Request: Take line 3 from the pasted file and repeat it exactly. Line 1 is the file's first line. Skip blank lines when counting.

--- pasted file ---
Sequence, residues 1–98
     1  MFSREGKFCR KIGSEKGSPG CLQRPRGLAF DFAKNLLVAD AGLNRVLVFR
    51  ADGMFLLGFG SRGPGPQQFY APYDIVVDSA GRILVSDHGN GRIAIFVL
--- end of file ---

    51  ADGMFLLGFG SRGPGPQQFY APYDIVVDSA GRILVSDHGN GRIAIFVL